This exercise invites us into internal work. Authored by one of our Soul Matters ministers, the following poem challenges us to face those “impenetrable places” in a new way. Instead of pushing against or running away from those inner “steel doors” right away, it asks us to just “stay there” and “breathe.”

In that spirit of sitting still, use this poem as your guide and companion this month. Weave it into your daily meditation or reflective practice. Pay attention to the way a new line will stand out each day. Come to your group ready to share the journey, where it took you and what it taught you about the resistance we wrestle with inside.


By Peter Friedrichs, Soul Matters Minister

Press the tender flesh of your knowing

Against the steel door of your fear.

Stay there, breathing,

as its icy skin draws out the heat

of your racing heart.

Feel its resistance

to the yes of your hopes,

the imminent expiration

of your dreams.

You could have avoided this pain.

You could have stayed safely cradled,

blind, in the womb of your ignorance.

But in the silence of a moonless night

something called you here,

to this impenetrable place.

At the edge of sleep, or death,

you heard a sound

from beyond this door:

A prisoner, past all hope of release,

tapping his bent spoon

against the cell wall

that divides you,

desperate to be heard and known.

This is your life calling.

And now, having heard its cry,

you have no choice but

to find a way through.

Option D:

Give It A Rest

In his book Sabbath as Resistance: Saying No to the Culture of Now, Walter Brueggemann invites us to resist our culture of busyness and anxiety. To him, striving is one of our greatest spiritual diseases. Resisting it needs to become one of everyone’s core spiritual practices.  Here are his Sabbath “instructions”:  

• You do not have to do more.

• You do not have to sell more.

• You do not have to control more.

• You do not have to know more.

• You do not have to be younger or more beautiful.

Pick one of these as your challenge or guide. Make it your mantra for the month. Find as many ways as you can to honor its goal of giving you rest and release. Report to your group what this counter-cultural act of resistance was like for you.

(List taken from this review of Brueggemann’s book:

Your Question

As always, don’t treat these questions like “homework” or a list that needs to be covered in its entirety.  Instead, simply pick the one question that “hooks” you most and let it lead you where you need to go. The goal of these questions is not to help you analyze what resistance means, but to figure out what being a person of resistance means for you today.  So, which question is calling to you?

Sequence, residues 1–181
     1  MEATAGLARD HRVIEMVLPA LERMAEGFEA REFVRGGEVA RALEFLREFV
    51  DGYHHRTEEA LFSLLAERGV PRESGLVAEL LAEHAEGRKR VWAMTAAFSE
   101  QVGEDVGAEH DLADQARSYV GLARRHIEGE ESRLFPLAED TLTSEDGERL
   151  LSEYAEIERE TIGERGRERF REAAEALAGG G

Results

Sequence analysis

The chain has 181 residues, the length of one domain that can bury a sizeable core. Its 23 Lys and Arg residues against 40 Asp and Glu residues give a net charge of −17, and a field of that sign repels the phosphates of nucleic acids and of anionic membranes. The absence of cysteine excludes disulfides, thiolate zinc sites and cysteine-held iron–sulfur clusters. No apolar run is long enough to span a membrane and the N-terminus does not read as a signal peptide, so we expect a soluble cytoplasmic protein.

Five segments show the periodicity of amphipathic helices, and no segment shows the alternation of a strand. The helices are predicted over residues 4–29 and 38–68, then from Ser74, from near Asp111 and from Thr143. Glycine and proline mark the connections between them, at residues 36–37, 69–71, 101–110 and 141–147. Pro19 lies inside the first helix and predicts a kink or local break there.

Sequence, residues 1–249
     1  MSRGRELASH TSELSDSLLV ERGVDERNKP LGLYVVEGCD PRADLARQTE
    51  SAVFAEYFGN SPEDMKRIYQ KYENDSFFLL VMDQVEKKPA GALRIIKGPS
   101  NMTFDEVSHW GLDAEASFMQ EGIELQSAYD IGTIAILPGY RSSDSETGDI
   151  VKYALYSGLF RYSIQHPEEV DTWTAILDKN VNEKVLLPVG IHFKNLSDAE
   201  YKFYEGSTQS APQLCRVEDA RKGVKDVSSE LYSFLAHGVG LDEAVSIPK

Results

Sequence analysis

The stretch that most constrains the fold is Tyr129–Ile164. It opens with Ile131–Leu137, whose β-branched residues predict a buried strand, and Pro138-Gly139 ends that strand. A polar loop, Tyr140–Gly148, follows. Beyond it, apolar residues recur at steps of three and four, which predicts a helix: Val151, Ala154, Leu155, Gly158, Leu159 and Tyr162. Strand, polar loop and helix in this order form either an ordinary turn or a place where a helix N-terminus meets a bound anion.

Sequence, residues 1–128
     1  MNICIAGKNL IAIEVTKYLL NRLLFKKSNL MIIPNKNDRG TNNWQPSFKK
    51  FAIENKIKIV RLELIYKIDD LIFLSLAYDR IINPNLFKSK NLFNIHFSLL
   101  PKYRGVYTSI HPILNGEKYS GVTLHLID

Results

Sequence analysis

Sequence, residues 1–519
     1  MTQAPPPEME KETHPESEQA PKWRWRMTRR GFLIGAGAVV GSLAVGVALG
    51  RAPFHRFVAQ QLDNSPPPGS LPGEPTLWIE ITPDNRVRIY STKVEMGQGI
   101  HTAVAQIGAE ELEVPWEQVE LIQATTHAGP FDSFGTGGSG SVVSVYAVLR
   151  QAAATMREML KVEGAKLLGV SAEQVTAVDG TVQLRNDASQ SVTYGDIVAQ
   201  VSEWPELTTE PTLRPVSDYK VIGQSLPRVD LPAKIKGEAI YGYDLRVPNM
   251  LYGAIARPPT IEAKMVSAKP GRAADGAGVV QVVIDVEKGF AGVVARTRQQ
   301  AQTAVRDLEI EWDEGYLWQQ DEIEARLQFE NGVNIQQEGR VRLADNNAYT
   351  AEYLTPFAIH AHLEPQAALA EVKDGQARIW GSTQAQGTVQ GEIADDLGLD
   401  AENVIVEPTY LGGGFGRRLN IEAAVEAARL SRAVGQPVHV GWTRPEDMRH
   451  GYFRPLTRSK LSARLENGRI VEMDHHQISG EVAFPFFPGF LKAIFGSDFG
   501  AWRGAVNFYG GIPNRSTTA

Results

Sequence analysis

1. What would happen if you saw praise, joy or the creation of beauty as your primary form of resistance? What if the world needs your praise as much as your picket signs? What if it needs the creation of beauty as much as the elimination of injustice?
  2. Martin Luther King, Jr. wrote, “Our lives begin to end the day we become silent about things that matter.” How is life asking you to end your silence?
  3. Is it really an insurmountable and futile challenge? Or just a matter of taking the next small step in front of you?
  4. The psychiatrist Carl Jung wrote, “What you resist, persists.” So, is it possible that your resistance is the source of the struggle you are in? Would the fight end if you stopped fighting? Would the wall fall down if you stopped pushing on it?
  5. Has the habit become bad? Is it time to be honest about how your habit controls you more than you control it?
  6. If you were put on trial for being countercultural, would you be convicted?
  7. Is it possible that your refusal to give up and give in may be a way of avoiding the pain?
  8. Is labeling them the enemy defeating both them and you?
  9. Are your efforts to save the world leaving room to savor it?
  10. What would happen if you saw your justice work not as saving the world or bending the arc of the universe towards justice, but simply as “being a pest”? (Inspired by the Dalai Lama, who wrote: “If you think you are too small to make a difference, try sleeping with a mosquito.”)
  11. What’s your question? Your question may not be listed above. As always, if the above questions don’t include what life is asking from you, spend the month listening to your days to hear it.